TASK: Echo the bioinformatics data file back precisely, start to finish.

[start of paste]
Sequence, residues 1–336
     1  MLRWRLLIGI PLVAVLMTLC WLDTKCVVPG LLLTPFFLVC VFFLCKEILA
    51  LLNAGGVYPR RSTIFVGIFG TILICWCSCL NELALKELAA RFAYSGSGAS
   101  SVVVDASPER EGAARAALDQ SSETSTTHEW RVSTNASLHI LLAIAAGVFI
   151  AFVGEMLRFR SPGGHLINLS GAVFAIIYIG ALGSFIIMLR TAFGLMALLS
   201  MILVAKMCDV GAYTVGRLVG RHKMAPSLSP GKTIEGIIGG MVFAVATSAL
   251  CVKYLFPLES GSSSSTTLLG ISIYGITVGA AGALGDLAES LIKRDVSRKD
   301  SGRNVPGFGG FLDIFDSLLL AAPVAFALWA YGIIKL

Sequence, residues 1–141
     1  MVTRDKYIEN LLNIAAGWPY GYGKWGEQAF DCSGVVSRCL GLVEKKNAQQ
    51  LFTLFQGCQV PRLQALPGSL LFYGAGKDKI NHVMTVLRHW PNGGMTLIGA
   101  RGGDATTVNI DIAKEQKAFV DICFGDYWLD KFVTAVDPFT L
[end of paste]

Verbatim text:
Sequence, residues 1–336
     1  MLRWRLLIGI PLVAVLMTLC WLDTKCVVPG LLLTPFFLVC VFFLCKEILA
    51  LLNAGGVYPR RSTIFVGIFG TILICWCSCL NELALKELAA RFAYSGSGAS
   101  SVVVDASPER EGAARAALDQ SSETSTTHEW RVSTNASLHI LLAIAAGVFI
   151  AFVGEMLRFR SPGGHLINLS GAVFAIIYIG ALGSFIIMLR TAFGLMALLS
   201  MILVAKMCDV GAYTVGRLVG RHKMAPSLSP GKTIEGIIGG MVFAVATSAL
   251  CVKYLFPLES GSSSSTTLLG ISIYGITVGA AGALGDLAES LIKRDVSRKD
   301  SGRNVPGFGG FLDIFDSLLL AAPVAFALWA YGIIKL

Sequence, residues 1–141
     1  MVTRDKYIEN LLNIAAGWPY GYGKWGEQAF DCSGVVSRCL GLVEKKNAQQ
    51  LFTLFQGCQV PRLQALPGSL LFYGAGKDKI NHVMTVLRHW PNGGMTLIGA
   101  RGGDATTVNI DIAKEQKAFV DICFGDYWLD KFVTAVDPFT L